3) Is there a plan to bring the application in better shape?

Some activity can be seen in repository forks and branches from the original Samsung committer ailrohit (https://github.com/Samsung/microbit/compare/master…ailrohit:school_project) and microbit-sam (https://github.com/Samsung/microbit/compare/master…microbit-sam:partial-flash) identifying as being from the foundation but none of this work seem to be included in releases yet.

4) If a freed fork is made for inclusion in F-Droid would you be willing and able to integrate the changes into the official sources?

F-Droid prefers an upstream source which can be directly built without non-free dependencies using an appropriate set of build options. This greatly simplifies maintenance and build efforts. A forked repository is already in place at the foundation’s Github organization (https://github.com/microbit-foundation/microbit-android) but is at the moment even with the stale Samsung repository.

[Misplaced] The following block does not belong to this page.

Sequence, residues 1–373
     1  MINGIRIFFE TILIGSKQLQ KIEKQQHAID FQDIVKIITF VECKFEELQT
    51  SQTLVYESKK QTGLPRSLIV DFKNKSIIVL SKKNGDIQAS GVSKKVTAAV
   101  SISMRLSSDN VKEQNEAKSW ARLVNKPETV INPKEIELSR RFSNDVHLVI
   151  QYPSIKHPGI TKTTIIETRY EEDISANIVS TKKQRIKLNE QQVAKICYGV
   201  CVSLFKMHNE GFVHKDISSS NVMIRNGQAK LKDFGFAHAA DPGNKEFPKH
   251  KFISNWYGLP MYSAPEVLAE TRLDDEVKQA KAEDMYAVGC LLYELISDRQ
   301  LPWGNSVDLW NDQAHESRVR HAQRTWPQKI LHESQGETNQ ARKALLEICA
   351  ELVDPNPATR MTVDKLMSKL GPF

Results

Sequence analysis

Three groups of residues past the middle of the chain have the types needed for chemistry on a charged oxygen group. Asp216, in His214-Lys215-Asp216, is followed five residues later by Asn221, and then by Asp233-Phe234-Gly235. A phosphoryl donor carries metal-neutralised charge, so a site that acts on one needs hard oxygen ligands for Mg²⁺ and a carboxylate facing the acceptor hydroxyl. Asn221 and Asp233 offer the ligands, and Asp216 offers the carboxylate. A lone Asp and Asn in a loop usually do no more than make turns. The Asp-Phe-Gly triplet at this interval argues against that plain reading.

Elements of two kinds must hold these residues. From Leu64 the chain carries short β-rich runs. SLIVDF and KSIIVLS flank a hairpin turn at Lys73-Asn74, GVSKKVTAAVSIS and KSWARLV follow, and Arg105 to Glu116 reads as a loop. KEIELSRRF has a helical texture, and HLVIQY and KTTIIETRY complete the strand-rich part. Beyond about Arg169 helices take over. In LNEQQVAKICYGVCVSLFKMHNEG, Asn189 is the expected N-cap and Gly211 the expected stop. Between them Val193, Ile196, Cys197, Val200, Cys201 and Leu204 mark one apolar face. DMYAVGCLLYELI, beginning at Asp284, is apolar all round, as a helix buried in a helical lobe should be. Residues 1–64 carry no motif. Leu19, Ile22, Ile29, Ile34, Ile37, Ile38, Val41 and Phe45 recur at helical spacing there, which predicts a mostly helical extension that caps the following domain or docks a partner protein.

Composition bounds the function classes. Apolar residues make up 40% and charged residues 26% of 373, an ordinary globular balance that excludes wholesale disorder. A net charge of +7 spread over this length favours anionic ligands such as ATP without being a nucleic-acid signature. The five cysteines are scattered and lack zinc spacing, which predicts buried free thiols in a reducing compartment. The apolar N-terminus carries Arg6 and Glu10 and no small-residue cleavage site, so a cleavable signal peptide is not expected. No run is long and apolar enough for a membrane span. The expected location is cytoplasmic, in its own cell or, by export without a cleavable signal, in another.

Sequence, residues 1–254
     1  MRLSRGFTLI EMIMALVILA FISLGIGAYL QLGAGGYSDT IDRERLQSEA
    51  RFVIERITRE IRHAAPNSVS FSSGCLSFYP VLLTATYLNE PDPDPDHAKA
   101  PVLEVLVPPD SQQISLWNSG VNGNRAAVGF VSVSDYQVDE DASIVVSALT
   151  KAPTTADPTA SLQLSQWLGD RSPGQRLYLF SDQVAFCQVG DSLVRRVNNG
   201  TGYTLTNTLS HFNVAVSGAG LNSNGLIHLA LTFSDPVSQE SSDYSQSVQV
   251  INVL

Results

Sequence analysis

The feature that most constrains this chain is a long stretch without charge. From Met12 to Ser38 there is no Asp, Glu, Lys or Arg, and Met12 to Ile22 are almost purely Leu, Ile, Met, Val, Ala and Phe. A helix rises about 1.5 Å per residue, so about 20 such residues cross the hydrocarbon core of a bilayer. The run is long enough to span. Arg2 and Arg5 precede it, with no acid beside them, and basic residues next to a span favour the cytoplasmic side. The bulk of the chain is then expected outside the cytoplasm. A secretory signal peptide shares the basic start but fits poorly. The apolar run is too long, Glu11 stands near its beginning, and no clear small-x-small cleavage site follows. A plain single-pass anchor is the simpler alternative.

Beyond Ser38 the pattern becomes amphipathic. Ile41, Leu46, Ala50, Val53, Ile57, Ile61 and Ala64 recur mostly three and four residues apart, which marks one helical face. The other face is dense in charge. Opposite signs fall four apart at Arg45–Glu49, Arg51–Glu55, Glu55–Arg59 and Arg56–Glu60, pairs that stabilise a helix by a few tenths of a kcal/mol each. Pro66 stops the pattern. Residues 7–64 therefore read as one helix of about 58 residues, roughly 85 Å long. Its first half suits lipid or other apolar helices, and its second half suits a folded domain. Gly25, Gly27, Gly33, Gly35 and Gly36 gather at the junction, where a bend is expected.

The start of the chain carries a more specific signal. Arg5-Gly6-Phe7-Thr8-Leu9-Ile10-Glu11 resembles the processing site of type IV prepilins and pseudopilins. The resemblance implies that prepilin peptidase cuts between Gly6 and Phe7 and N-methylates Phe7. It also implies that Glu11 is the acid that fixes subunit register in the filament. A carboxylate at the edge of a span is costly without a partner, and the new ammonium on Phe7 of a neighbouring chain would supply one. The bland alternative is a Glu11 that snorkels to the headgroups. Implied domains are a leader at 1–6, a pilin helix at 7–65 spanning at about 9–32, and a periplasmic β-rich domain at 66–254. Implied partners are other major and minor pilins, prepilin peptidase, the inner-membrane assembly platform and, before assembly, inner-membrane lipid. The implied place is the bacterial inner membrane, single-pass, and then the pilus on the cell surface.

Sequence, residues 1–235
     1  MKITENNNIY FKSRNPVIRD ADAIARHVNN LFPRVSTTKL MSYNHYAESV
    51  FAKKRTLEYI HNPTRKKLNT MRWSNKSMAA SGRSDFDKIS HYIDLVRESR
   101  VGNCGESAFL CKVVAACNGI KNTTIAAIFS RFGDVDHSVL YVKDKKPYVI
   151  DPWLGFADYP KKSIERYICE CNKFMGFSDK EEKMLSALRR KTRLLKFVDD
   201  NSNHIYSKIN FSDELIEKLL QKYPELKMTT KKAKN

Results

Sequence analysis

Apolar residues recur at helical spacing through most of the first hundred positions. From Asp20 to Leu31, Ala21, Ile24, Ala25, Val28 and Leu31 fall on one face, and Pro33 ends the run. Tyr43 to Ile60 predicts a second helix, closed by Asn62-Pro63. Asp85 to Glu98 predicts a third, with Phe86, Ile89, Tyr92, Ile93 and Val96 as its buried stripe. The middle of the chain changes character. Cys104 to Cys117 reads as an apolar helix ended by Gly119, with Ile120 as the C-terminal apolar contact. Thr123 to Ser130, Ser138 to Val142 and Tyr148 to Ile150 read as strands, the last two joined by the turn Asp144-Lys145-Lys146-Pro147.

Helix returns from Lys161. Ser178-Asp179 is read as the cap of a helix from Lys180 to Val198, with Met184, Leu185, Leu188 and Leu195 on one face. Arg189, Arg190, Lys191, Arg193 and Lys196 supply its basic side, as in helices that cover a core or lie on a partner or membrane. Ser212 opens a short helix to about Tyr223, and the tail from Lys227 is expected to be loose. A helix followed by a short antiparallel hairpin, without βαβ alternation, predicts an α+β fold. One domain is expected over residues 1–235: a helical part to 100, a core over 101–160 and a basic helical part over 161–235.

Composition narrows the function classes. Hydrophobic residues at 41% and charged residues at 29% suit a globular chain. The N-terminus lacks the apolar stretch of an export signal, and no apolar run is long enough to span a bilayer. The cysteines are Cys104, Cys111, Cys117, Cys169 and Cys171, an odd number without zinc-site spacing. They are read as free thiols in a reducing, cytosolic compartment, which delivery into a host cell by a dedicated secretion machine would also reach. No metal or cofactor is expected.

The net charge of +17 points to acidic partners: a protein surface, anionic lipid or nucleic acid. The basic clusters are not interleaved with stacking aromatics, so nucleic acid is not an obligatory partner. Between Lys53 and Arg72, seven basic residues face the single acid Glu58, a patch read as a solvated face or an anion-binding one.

Thanks for any clarifications you can provide.

Regards,
Mikkel

Google Play; no interaction with policy breaking app provider
Aug 8th, 2012 by miki

When dealing with policy enforcement for products that you distribute from business partners and whose sales your organization directly profits from, you’d think that you’d want to engage in some kind of communication with your peers before making drastic moves like shutting down distribution of these products. Especially when your peer is a national lottery organization partly owned by a European state, who is strictly professional about their business and which probably has a non-significant turnover facilitated by the product.

Well, if your are Google and runs the Google Play software distribution system for the Android platform, you apparently couldn’t care less. At least that is what a move today by Google implies, when banning an Android gaming app by Danske Spil, the national Danish lottery, who has a governement enforced monopoly on lottery in Denmark. This was done without any interaction with Danske Spil which of course was taken by surprise when realizing this, as reported (GTrans) by Danish tech magazine Version2.